Examples: It’s easy not to seek righteousness, Father Byron said. “There are a lot of contrary voices that I hear every day that say don’t bother because it’s more fun to do what pleases me now.

“Every time I turn on the TV, I hear an ad that says I deserve this: I deserve a new car, I deserve compensation for my losses, I deserve the latest thing.

“I don’t deserve that,” Father Byron said. “If I’m fortunate enough to have the benefit of some of this world’s goods, that’s grace. But it’s not something that I’m owed. To know that is to hunger and thirst for righteousness.”

Blessed are the merciful, for they will be shown mercy.

“Sometimes the merciful suffer a lot precisely for being merciful,” Father Byron said. “But this is the pattern that has been shown to us by Christ, who was killed for being merciful.”

Examples: “This again calls me out of self, to forgive when I don’t have to, to be present to those who need me when I could choose otherwise, to simply acknowledge sadness,” Father Byron said.

“A whole lot of mercy, it seems to me, is about presence,” he added. “It’s about showing up, just simply being with the ones who are hurting.”

Blessed are the clean of heart, for they will see God.

“The obvious application here is moral rectitude,” Father Byron said. “But I like to think that that’s maybe a bit too individualistic a reading of what this means.

“Clean of heart has to do with the health of a whole community, like the human family,” he said. “So it’s not just about me staying out of trouble. It’s about seeing to the possibility that all can be made well and aided in their need. There’s a social dimension to being clean of heart.”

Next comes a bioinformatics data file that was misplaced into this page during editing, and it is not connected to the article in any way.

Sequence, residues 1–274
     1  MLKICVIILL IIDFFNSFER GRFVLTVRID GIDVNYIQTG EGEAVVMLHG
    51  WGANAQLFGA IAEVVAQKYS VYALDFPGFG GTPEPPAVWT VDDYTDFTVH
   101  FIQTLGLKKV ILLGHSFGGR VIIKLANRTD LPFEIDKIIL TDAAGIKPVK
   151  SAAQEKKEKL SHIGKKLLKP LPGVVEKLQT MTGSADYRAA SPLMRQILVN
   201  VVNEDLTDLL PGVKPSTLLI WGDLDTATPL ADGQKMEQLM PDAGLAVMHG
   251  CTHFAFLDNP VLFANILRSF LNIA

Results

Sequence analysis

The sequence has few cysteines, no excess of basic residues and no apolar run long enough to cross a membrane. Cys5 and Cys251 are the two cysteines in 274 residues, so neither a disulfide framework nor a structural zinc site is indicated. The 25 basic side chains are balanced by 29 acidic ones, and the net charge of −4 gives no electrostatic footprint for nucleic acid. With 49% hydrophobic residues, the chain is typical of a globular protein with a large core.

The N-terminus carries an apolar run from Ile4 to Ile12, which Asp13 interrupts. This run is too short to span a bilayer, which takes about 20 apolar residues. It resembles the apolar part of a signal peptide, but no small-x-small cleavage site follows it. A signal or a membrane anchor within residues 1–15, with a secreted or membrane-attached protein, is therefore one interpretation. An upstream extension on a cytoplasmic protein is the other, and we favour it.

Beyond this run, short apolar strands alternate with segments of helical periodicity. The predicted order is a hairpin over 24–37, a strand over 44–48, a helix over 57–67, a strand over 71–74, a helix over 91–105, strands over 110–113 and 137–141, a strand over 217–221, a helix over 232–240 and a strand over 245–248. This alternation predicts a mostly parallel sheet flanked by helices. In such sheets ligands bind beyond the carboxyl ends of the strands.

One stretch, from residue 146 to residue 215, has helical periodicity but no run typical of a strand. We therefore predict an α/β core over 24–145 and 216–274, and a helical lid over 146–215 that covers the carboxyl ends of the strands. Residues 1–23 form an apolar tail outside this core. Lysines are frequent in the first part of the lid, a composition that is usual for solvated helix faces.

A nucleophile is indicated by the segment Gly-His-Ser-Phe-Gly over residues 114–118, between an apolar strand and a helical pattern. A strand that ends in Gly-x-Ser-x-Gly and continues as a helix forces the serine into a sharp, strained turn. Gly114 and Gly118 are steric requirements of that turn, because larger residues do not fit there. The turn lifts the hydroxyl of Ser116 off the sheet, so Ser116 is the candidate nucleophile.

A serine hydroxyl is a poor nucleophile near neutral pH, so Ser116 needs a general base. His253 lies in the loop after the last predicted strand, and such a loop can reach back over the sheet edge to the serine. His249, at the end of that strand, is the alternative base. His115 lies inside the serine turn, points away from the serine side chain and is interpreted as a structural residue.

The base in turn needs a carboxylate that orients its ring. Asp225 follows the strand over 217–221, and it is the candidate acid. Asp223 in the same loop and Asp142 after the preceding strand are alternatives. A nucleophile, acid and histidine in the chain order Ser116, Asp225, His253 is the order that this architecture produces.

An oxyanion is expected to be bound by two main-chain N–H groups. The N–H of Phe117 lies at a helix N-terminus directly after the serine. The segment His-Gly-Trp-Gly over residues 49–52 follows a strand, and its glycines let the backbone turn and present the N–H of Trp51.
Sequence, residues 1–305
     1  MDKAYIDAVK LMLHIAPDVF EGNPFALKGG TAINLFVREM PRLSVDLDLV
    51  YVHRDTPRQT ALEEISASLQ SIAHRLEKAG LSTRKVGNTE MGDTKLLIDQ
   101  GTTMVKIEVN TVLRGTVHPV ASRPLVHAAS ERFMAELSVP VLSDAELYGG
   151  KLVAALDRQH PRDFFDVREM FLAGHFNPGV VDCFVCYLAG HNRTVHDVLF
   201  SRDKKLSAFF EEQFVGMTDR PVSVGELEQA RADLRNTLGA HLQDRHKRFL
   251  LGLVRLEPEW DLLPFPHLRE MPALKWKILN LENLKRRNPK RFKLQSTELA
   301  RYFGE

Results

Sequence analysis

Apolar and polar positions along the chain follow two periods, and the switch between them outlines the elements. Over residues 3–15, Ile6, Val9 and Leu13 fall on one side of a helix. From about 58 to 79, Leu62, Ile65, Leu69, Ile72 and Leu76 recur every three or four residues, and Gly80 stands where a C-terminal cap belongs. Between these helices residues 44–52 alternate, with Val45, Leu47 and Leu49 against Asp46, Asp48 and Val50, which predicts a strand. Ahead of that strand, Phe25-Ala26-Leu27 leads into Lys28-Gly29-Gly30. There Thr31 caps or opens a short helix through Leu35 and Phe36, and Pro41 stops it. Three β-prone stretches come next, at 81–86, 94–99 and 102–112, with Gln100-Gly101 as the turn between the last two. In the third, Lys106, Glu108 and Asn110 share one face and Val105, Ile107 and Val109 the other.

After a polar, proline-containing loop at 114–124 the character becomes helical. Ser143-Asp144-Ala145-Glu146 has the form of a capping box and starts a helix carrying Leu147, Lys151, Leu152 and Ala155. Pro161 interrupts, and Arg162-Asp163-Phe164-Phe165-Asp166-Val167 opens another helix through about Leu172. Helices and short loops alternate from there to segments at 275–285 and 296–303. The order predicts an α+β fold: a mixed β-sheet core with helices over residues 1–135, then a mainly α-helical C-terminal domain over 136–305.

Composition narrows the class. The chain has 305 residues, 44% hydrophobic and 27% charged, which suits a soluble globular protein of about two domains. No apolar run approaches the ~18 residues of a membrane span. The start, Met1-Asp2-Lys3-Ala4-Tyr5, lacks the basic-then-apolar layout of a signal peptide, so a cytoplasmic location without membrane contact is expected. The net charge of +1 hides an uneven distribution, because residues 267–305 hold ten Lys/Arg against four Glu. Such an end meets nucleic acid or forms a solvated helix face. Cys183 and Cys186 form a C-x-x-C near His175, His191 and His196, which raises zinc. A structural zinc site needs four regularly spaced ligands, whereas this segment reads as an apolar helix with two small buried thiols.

Examples: “Clean of heart means not only to not cheat and not lie and not lust, but it means to have my priorities in order, with God at the head of that and Christian community very near to the head of that, and other things taking their appropriate place after that,” Father Byron said.

Blessed are the peacemakers, for they will be called children of God.

“We call our Savior the Prince of Peace,” Father Byron said. “To the extent that one is peaceable rather than violent, one not only will be called a child of God, but one is a child of God right now.”

Examples: “This can be understood on a personal level, on a family level, on a national level and on an international level — those whose reaction to perceived offense is not in the first instance lashing out or retribution or violence or fault-finding, but an attempt to be reconcilers and peacemakers,” Father Byron said.

Blessed are they who are persecuted for the sake of righteousness, for theirs is the kingdom of heaven.

“There is a culmination of the kingdom that is still to come,” Father Byron said. “But the kingdom of heaven has already arrived in the person and witness of Jesus Christ, so that when one is persecuted for righteousness, one is already participating in the kingdom, which, mysteriously at least in this life, involves suffering for doing that which is good.”

Examples: Those persecuted for righteousness are “people who stand up in a violent culture and say no to violence and they’re shouted down for that, people who are courageous enough to be the world’s prophets and to point out sin and error,” Father Byron said.